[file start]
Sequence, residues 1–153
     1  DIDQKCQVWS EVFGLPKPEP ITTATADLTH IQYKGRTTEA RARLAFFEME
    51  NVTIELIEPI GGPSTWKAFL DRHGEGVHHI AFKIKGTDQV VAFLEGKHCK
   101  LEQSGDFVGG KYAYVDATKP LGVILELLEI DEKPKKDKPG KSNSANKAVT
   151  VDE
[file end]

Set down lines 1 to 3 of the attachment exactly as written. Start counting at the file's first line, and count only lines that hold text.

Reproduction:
Sequence, residues 1–153
     1  DIDQKCQVWS EVFGLPKPEP ITTATADLTH IQYKGRTTEA RARLAFFEME
    51  NVTIELIEPI GGPSTWKAFL DRHGEGVHHI AFKIKGTDQV VAFLEGKHCK